The recent political chatter about “Obamacare” before the Supreme Court of the United States got a great deal of media attention. President Obama added fuel to the fire when he declared, “Ultimately, I am confident the Supreme Court will not take what would be an unprecedented, extraordinary step of overturning a law that was passed by a strong majority of a democratically elected Congress.”
For someone who was a law professor those words were absurd. Even if a bill passed unanimously in the house and senate, it could still be overturned – if the law was in violation of the Constitution.
Cutting taxes on those whose dreams have already come true does not create good jobs. Growing a healthy economy creates good jobs, and you cannot have a healthy economy in which a vast majority are losing ground or are barely holding on, or are just worrying about next month.
Biologists and naturalists conduct experiments in resource scarcity and competition using yeast, paramecium, flour beetles and other little animals. Behaviors change, relationships change, levels of ferocity change. A series of recently published surveys show that one third or less of Americans trust their fellow citizens in everyday interactions. As social trust deteriorates, so does a willingness to work for a common good. I am hopeful that Americans will handle things better than the flour beetle, but we need to hold it together and keep our perspective.
Federal, state and city lawmakers have the power to reduce the region’s traffic congestion while also promoting mass transit. If the past is prologue, they will decline to use it.
Congress, for instance, has until the end of this month to extend a law allowing mass transit users (e.g., bus, subway, commuter rail) to use up to $245 in pre-tax dollars toward their monthly commute. The federal government already allows $245 in pre-tax dollars to be used by drivers each month for their parking expenses, a figure which will increase to $250 on Jan. 1, 2014. The monthly pre-tax limit for transit users will fall to $130 on New Year’s Day should Congress fail to act on this matter by year-end 2013, something which happened in late 2011. D.C.’s inaction left transit users at a competitive disadvantage to drivers in 2012.
Written by Mike Barry, MFBarry@optonline.net Thursday, 06 June 2013 00:00
Garden City and Floral Park are holding their annual Belmont Stakes Festivals on the day before, and the day after, the Saturday, June 8, running of the Belmont Stakes in Elmont.
Garden City’s Seventh Street will closed to traffic, and jammed with pedestrians, on Friday, June 7, between 6 and 10 p.m., for the Garden City Belmont Festival, an evening of live music, food, and family-friendly activities.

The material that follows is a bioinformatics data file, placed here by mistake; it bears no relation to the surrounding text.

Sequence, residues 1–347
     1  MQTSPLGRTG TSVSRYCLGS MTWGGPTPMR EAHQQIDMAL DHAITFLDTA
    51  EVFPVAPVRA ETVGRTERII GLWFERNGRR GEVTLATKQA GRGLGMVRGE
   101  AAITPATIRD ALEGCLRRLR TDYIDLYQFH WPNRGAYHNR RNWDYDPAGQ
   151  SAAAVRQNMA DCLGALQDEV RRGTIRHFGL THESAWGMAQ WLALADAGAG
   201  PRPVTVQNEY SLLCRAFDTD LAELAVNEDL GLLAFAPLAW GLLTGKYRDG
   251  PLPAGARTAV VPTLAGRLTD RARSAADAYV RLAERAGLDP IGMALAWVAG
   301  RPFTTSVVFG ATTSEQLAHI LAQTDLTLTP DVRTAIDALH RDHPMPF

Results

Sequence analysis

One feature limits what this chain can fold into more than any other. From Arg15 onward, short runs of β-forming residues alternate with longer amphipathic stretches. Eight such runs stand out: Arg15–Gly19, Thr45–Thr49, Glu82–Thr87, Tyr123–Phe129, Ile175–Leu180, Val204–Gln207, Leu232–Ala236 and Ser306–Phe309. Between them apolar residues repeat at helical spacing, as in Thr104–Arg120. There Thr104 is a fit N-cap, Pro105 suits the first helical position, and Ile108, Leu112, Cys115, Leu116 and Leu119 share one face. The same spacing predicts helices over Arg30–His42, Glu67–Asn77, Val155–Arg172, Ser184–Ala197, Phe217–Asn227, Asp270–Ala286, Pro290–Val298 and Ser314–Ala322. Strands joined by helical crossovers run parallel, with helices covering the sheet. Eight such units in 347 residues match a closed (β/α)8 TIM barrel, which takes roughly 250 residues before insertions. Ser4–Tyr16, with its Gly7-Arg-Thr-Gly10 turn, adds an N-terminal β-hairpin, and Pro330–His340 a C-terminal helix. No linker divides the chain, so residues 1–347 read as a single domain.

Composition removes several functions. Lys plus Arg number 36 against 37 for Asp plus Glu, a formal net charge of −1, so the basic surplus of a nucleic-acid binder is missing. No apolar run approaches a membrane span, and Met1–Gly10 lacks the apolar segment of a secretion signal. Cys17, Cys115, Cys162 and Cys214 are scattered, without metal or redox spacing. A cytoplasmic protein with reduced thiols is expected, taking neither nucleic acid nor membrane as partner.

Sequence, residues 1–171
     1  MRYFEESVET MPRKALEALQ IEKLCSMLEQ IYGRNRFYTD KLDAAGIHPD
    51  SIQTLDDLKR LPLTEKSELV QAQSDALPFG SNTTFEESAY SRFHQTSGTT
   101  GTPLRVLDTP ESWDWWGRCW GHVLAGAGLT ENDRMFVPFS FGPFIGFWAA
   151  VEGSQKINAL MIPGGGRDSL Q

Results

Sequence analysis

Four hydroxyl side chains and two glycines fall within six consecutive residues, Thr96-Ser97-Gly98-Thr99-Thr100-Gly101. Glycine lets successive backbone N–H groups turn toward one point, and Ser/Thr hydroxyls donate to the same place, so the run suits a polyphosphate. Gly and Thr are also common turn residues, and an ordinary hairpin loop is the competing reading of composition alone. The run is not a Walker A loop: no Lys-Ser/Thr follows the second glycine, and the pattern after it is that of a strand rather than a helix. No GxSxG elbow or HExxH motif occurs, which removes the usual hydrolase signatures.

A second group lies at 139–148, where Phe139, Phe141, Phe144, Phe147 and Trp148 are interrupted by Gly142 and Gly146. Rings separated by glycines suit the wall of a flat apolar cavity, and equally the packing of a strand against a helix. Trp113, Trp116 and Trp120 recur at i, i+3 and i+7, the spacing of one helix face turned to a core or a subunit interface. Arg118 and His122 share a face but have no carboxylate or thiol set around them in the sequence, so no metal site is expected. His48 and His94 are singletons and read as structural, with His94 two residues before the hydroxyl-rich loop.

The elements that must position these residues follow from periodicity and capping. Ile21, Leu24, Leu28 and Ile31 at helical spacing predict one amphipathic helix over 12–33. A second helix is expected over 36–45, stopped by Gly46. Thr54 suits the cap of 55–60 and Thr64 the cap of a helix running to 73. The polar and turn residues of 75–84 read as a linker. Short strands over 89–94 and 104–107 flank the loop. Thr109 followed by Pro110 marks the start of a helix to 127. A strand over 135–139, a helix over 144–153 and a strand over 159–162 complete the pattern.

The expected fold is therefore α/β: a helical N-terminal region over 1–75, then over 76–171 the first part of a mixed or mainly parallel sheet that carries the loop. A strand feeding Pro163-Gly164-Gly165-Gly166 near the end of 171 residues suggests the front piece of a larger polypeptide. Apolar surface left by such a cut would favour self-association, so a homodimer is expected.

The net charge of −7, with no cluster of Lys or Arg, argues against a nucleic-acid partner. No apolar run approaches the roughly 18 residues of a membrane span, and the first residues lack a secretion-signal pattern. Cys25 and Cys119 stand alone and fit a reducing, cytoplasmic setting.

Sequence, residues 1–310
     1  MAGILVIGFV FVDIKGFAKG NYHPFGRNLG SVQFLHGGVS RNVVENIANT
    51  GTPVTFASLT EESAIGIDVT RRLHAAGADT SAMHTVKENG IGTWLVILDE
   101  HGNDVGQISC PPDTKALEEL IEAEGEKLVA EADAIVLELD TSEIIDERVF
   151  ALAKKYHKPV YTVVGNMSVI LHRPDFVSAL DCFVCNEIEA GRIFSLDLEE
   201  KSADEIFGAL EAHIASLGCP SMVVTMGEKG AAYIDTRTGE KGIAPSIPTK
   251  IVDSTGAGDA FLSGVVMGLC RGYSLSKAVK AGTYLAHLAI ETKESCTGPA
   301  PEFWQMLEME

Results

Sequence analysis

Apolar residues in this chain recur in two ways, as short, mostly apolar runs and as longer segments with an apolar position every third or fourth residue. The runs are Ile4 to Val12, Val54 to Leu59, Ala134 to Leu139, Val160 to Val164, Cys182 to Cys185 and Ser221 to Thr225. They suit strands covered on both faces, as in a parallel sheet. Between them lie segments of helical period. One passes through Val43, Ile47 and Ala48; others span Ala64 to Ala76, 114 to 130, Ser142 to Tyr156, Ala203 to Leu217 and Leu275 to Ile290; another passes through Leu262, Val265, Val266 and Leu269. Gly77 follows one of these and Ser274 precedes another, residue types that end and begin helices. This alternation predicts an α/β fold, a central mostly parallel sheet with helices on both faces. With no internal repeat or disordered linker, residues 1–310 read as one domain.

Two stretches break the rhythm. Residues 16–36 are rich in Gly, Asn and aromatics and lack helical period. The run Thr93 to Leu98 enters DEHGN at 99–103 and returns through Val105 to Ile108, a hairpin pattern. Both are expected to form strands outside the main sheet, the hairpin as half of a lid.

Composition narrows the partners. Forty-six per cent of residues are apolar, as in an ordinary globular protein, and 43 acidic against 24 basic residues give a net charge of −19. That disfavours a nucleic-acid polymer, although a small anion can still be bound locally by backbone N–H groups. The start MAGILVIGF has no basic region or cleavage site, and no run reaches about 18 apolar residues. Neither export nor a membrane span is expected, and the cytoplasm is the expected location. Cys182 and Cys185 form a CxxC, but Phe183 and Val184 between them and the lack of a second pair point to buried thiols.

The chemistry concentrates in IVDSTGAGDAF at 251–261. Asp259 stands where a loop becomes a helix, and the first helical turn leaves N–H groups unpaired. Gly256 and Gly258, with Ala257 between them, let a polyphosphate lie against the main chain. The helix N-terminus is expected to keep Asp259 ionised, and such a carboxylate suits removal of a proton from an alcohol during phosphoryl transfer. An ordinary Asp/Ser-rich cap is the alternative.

Held annually on the eve of the third and final race in thoroughbred horse racing’s Triple Crown series, the festival will feature the Fivestone Rock Band, Jerry and the Newcomers, the New Vintage Orchestra, Nor’easter and The Village Music Makers. The Broadway Bound Dance Center’s dancers will also perform.
All of the proceeds from this year’s Wing-Off Competition, which offers local restaurants the chance to be crowned Garden City’s chicken wing champion, will benefit the American Red Cross’ Hurricane Sandy relief efforts. A $5 donation entitles festival-goers to judge the competition’s entries. Moreover, the Garden City Belmont Festival also includes face painting, pony rides, and carnival games for younger attendees.
Meanwhile, the Floral Park Belmont Stakes Festival will take place on Sunday, June 9, closing Tulip Avenue, the village’s main thoroughfare, from 2 to 7 p.m. The Floral Park Art League is on that same Sunday afternoon sponsoring an Exhibit to Celebrate Thoroughbred Horse Racing in Floral Park’s Memorial Park. The Art League will be at the same park, situated along Tulip Avenue, on June 8, too.
Tens of thousands will make their way to Belmont Park on Saturday, June 8, for the big race itself. Orb, the Kentucky Derby winner, and Oxbow, who won the Preakness Stakes, are two of the nine horses scheduled to compete in The Test of Champions. The one and one-half mile race is perhaps the longest one any of these three-year-olds will ever run.
Seats to the Belmont Stakes are available via Ticketmaster, but entrance can also be bought on race day. Grandstand general admission ($10) and clubhouse admission ($20) tickets can be purchased at the door.
When it comes to getting to Belmont Park, the Long Island Railroad (LIRR) is an option, with the LIRR providing extra service to its Belmont Station on Saturday, June 8. That station is a short walk from the Belmont Park grandstand. Check www.mta.info/lirr for further details.
Besides taking in the scene, young adults attending their first Belmont Stakes should look for the America’s Best Racing (ABR) recreational vehicle. ABR ambassadors will interact with fans throughout the day in an ongoing effort to promote thoroughbred horse racing to the next generation of fans.
I will offer from personal experience a warning to those lining up to place a Belmont Stakes win bet on Oxbow, given his front-running victory in the Preakness Stakes, which is contested each year in Maryland at a shorter (one mile and three-sixteenths) distance than the Belmont. I had a win wager on Star Standard in the 1995 Belmont Stakes. The decision remains an unhappy, albeit distant, memory. Star Standard was in first place at just about every point in that race, except for the one that mattered: the finish line. He came in second to Thunder Gulch. The moral of the story: find a horse that wants another horse to rush to the front, and leaves something in the tank for the end of race, when handicapping the Belmont Stakes.